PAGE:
RCT evaluation of Skhokho: A holistic school intervention to prevent gender-based violence among South African Grade 8s

Autoři: Rachel Jewkes aff001;  Anik Gevers aff003;  Esnat Chirwa aff001;  Pinky Mahlangu aff001;  Simukai Shamu aff004;  Nwabisa Shai aff001;  Carl Lombard aff005
Působiště autorů: Gender & Health Research Unit, South African Medical Research Council, Pretoria, South Africa aff001;  School of Public Health, Faculty of Health Sciences, University of the Witwatersrand, Johannesburg, South Africa aff002;  Independent Consultant, Cape Town, South Africa aff003;  Foundation for Professional Development, Pretoria, South Africa aff004;  Biostatistics Research Unit, South African Medical Research Council, Cape Town, South Africa aff005
Vyšlo v časopise: PLoS ONE 14(10)
Kategorie: Research Article
doi: https://doi.org/10.1371/journal.pone.0223562


We evaluated the effectiveness of the Skhokho interventions (enhanced teaching materials and a parenting programme) in reducing dating and sexual violence. This pragmatic, three-arm cluster randomised controlled trial was conducted in 24 State schools in Grade 8 classes, with all learners invited to participate. The interventions were: i) a schools’ package: A Life Orientation (LO) curriculum workbook for the Grade 8 national curriculum and teacher training; ii) a workshop for caregivers and teenagers, supported by clubs in the second year. Arms were: a no intervention control, the schools’ package, and the combined schools’ and families’ package. Learners were followed up for 18 months. The primary outcomes were the incidence of physical and/or sexual IPV, severe IPV and non-partner rape. At baseline, 3756 (61.8% of total) learners (aged 12–15) were interviewed and 3411 (90.8%) provided end line data. A third of caregivers and learners attended all four families’ intervention workshop sessions. At baseline, 47% of girls and 29% boys were dating and 18% of boys and 2% of girls had had sex. Differences in the primary outcomes between study arms were not statistically significant, however all effects were in the direction of protection from violence and several secondary outcomes were significantly changed. For girls, the incidence of any IPV experience was aIRR 0.84 (95%CI 0.66, 1.07 p = 0.159) for the school’s arm and the incidence of non-partner rape was aIRR 0.84 (95%CI 0.62, 1.14 p = 0.255) for the combined schools and families arm v. control arm. This under-powered pragmatic study’s findings suggest a generally beneficial impact of the Skhokho interventions on a number of outcome measures, when viewed by both adolescents, caregivers and their teachers. These include measures of adolescents’ exposure to violence, improved sexual health and reductions in several IPV risk factors. The intervention warrants further research.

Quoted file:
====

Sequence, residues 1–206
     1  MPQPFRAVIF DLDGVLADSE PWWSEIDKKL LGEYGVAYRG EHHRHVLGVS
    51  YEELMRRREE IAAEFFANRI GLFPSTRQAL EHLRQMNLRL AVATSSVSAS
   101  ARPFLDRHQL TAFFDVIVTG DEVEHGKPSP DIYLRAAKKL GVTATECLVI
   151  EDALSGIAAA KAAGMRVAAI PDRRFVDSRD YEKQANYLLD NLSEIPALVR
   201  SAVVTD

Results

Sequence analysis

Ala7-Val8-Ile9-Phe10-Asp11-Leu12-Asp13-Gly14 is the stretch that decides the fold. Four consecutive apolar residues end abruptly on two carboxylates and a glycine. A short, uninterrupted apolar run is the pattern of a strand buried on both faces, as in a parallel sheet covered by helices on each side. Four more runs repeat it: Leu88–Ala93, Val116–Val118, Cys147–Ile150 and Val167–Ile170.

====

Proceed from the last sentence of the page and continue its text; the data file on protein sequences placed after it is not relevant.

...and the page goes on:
Trial registration

ClinicalTrials.gov NCT02349321.

Klíčová slova:

Human learning – Child health – Intimate partner violence – Learning – Schools – Teachers – Workshops – Rape and sexual assault


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